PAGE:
urban institute nonprofit social and economic policy research

The New Neighbors

A User's Guide to Data on Immigrants in U.S. Communities

Read complete document: PDF


PrintPrint this page
Share:
Share on Facebook Share on Twitter Share on LinkedIn Share on Digg Share on Reddit
| Email this pageE-mail
Document date: August 31, 2003
Released online: August 31, 2003

Prepared by The Urban Institute with the support of the Annie E. Casey Foundation. The guidebook is available for all users but is designed specifically for Casey Foundation Making Connections partners, Casey Civic Sites partners, and Kids Count grantees.

The nonpartisan Urban Institute publishes studies, reports, and books on timely topics worthy of public consideration. The views expressed are those of the authors and should not be attributed to the Urban Institute, its trustees, or its funders.

Note: This report is available in its entirety in the Portable Document Format (PDF). (File Size: 1.4 MB)


I. Introduction

Immigrant integration is now a key issue for communities across the nation. States and communities that had seen few immigrants as recently as 1990 are now welcoming new arrivals in unprecedented numbers. Although new immigrants continue to settle in the traditional U.S. centers of immigration—including California, Florida, New York, and Texas—the states with the currently fastest growing immigrant populations have not seen similar inflows for almost a century, if ever. According to the 2000 Census, these new destination states include North Carolina, Georgia, and Tennessee (at the top of the list) and other states in the Southeast, as well as states across the Midwest and up into the Pacific Northwest.

This guidebook is designed to help local policy makers, program implementers, and advocates use U.S. Census and other data sources to identify immigrant populations in their local communities—their characteristics, their contributions, and their needs. More detailed data on immigrant characteristics are available than ever before, as well as newly accessible software to facilitate the necessary analysis. We list relevant data sources, the information contained in each, and where they can be located, as well as some software needed to use them effectively.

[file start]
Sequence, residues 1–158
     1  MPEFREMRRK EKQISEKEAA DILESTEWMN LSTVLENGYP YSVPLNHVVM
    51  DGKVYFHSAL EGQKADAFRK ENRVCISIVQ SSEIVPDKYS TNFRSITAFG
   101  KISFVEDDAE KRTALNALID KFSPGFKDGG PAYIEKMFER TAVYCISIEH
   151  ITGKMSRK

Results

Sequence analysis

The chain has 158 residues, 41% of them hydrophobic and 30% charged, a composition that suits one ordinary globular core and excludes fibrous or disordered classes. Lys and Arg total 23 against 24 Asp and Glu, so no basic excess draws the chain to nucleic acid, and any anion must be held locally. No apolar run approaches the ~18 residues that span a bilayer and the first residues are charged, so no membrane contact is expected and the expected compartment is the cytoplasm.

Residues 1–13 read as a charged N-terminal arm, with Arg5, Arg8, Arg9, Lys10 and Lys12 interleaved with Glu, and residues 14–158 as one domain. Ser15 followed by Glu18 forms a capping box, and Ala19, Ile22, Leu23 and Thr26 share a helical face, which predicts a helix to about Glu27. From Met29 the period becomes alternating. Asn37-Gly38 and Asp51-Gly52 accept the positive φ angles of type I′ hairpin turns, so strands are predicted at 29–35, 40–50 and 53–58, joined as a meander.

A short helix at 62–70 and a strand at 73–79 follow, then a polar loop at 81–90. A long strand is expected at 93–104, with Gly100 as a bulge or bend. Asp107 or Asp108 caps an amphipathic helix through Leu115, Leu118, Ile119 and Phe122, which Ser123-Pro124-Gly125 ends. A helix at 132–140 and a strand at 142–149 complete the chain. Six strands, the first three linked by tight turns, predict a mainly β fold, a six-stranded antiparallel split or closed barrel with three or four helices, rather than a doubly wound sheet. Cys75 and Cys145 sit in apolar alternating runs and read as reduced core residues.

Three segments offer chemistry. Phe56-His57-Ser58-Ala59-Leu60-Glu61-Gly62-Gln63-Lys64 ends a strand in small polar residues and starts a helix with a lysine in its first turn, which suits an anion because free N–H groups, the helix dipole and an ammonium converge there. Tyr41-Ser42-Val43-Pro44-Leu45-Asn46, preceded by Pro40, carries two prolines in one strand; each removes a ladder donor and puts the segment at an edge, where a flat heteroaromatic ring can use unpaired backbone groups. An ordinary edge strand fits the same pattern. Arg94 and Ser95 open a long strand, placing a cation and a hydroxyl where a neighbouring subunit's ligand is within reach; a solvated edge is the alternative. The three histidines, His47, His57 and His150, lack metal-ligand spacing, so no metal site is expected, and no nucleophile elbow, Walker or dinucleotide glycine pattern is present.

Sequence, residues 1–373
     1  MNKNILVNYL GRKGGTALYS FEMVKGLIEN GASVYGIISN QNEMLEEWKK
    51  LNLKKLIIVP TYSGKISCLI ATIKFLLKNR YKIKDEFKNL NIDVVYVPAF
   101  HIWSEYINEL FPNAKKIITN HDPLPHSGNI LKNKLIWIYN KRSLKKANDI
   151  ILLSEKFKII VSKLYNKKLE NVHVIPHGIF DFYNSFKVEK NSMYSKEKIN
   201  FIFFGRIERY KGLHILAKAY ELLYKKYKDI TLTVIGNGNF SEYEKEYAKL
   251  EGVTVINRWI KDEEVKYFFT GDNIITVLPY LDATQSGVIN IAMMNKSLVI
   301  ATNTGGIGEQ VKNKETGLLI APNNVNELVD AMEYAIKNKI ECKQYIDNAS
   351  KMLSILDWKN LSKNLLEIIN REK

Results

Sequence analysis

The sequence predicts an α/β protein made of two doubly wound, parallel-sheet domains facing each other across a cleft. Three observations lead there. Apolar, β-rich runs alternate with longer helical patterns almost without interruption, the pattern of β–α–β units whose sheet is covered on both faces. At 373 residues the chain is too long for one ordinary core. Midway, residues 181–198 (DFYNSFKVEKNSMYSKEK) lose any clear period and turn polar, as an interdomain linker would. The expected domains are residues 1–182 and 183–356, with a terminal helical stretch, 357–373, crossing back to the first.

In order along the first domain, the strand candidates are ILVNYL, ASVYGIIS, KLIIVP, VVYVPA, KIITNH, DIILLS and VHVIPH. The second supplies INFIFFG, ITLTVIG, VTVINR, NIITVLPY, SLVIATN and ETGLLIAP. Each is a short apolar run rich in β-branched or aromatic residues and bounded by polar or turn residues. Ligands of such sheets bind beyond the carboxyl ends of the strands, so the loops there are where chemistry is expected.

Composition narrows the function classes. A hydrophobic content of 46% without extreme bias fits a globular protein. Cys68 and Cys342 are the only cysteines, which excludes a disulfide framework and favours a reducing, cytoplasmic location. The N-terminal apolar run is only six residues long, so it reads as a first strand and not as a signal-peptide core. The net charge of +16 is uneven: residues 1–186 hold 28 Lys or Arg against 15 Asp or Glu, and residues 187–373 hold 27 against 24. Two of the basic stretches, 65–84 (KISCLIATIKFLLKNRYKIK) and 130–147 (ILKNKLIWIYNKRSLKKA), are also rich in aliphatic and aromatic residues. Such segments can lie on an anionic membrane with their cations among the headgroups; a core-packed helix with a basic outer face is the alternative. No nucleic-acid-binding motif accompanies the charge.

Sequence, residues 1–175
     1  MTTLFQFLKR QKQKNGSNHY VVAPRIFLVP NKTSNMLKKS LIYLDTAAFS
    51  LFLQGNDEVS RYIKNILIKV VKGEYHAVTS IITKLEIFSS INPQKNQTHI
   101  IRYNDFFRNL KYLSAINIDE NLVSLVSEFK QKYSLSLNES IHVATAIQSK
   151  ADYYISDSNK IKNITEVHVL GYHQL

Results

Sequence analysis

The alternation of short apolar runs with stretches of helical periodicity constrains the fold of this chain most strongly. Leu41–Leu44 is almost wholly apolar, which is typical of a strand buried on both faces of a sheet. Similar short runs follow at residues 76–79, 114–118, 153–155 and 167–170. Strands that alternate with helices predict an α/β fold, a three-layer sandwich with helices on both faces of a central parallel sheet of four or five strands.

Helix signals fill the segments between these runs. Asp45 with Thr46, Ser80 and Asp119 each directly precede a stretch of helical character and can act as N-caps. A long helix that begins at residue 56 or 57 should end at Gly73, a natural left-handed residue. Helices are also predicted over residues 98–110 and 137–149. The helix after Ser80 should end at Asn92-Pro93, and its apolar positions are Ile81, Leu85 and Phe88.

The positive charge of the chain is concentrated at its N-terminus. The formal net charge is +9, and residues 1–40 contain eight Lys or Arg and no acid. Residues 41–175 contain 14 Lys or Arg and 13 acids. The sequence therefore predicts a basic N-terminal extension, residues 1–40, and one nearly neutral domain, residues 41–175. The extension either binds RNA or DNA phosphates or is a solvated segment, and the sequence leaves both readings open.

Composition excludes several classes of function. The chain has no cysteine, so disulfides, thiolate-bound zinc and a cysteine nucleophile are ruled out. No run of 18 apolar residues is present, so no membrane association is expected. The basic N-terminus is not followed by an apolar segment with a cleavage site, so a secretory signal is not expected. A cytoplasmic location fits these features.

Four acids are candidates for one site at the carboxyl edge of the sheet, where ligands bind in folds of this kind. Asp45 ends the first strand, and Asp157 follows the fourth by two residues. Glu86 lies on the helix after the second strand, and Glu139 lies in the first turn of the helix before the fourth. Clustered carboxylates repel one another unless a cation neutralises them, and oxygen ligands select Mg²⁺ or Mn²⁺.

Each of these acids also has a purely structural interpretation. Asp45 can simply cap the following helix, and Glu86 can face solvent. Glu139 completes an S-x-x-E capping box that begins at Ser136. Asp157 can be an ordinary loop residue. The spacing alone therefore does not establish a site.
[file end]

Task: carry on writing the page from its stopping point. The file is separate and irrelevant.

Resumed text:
We are grateful to the Annie E. Casey Foundation for funding this guidebook as part of its initiative to educate Making Connections partner organizations and Kids Count grantees on how to use data to help their programs. The purpose of Making Connections is to "work with neighborhoods in 22 cities to connect families to the opportunities and supports they need to raise happy, healthy, and successful children." (http://www.aecf.org/initiatives) Since these organizations—and similar organizations across the country—work at state and local levels, we focus on sources that are suitable for analysis of small geographical areas.

Major Data Sources on Immigrants

The most comprehensive new data source on immigrants is the U.S. Census for 2000. Census data make it possible to map settlement patterns in great detail, and to analyze their implications for communities, at the national, state, and even local levels. Detail on numbers of immigrants, their countries of origin, the languages they speak, and their English proficiency is available down to the level of the Census tract—a geographic area no larger than many city neighborhoods. Mapping software now makes it possible to display this information in conjunction with other information about housing, schools, and social services. Additional Census data, to be released in Spring 2003, will make it possible to analyze the detailed characteristics of immigrants and their families at the metropolitan level—including housing conditions, income sources and labor force participation.

Other sources can be of great use in supplementing these Census data, depending on the questions of interest. These sources include, among others: U.S. Immigration and Naturalization Service data on legal immigrant admissions; school district data on limited English proficient students and students born outside the United States; health department data on births to immigrant mothers; and data from social service agencies on immigrant participation in public benefit programs.

Organization of the Guidebook